Oscar-winning director Kathryn Bigelow's Osama Bin Laden film, 'Zero Dark Thirty', has been delayed for release until December 2012, until after the US Presidential election.
The movie sparked controversy due to its release in the run up to the November election, with Republicans fearing that the movie would give President Obama a political boost as he bids for a second term.
Speaking to BBC Radio 4, John Horn from the LA Times said that some on the right of US politics also had concerns over the access film makers were granted to secret files.
Horn said: "Initially the film was scheduled to open in October, right before the Presidential election, and there was outrage on two different fronts, one for the access that the film makers were granted and two by Republicans who felt that this would kind of glorify the President's raid on Osama Bin Laden."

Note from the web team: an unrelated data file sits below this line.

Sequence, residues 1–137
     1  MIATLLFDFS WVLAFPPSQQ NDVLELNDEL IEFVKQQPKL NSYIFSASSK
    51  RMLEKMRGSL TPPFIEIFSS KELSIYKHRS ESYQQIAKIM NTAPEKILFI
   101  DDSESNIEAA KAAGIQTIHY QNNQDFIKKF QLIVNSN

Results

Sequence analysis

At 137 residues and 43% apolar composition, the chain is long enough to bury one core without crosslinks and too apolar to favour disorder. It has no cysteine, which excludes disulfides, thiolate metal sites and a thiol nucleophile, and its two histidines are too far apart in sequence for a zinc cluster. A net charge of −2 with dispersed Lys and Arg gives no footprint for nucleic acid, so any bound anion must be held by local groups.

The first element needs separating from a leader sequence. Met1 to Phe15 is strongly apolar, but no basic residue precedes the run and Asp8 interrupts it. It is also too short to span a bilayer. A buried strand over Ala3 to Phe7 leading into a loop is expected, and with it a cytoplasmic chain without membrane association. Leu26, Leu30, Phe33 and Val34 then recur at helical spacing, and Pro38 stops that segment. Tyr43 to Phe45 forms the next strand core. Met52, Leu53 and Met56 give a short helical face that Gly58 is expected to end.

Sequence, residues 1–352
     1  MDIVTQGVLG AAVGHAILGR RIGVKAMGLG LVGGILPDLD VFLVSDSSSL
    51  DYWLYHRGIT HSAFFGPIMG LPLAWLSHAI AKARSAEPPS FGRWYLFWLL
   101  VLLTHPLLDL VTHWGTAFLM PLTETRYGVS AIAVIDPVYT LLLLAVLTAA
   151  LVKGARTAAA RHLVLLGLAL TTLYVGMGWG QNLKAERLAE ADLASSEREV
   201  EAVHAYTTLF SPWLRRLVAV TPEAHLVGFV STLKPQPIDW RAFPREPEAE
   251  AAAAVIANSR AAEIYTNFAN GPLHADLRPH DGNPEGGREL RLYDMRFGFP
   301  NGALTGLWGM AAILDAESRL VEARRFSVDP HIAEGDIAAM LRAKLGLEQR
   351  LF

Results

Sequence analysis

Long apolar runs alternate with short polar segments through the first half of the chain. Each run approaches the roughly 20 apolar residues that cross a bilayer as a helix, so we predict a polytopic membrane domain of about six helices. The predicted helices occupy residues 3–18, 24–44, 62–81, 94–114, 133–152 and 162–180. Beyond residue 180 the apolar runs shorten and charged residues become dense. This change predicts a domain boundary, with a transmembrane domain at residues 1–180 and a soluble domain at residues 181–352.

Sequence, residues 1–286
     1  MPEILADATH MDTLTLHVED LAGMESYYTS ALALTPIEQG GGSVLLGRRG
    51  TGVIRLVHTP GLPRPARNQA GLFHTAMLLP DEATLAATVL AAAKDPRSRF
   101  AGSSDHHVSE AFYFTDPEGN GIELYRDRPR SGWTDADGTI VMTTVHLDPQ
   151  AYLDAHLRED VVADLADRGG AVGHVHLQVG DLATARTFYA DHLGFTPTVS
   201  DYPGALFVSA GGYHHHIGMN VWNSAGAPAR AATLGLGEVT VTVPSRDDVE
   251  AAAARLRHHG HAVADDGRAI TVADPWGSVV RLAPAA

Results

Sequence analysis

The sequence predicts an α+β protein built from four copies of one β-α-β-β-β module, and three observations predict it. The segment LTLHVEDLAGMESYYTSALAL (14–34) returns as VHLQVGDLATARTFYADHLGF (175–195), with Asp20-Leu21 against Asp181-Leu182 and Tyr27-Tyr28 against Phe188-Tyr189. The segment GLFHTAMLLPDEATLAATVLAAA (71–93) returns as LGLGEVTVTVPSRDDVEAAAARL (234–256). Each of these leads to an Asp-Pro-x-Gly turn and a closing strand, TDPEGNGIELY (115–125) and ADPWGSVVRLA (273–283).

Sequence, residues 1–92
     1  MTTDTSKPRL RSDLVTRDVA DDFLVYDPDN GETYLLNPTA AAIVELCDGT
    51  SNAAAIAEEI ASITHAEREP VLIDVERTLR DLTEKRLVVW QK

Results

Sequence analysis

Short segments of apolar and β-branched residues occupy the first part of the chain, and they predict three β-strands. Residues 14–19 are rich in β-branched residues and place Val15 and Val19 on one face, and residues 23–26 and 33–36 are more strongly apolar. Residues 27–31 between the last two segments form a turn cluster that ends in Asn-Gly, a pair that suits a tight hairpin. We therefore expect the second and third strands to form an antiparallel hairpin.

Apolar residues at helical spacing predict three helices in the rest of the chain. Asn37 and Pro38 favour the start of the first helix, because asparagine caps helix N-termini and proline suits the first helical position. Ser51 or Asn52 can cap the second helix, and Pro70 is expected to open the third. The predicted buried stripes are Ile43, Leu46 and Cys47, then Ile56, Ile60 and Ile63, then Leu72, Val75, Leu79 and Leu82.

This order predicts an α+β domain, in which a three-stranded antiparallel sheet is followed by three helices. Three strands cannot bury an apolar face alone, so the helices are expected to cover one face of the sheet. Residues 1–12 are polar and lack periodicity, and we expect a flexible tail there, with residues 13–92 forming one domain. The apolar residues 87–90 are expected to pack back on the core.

However Horn added that the delay was likely to be due to the movie not being ready in time, saying: "The release has been postponed to December, I think less so because of the election but because the film makers weren't ready in time."
Bigelow's 2008 movie 'The Hurt Locker', set during the Iraq War, garnered critical praise and won a Best Picture Oscar. Her new film will show the events of the raid that killed Bin Laden in his Pakistani compound in 2011.
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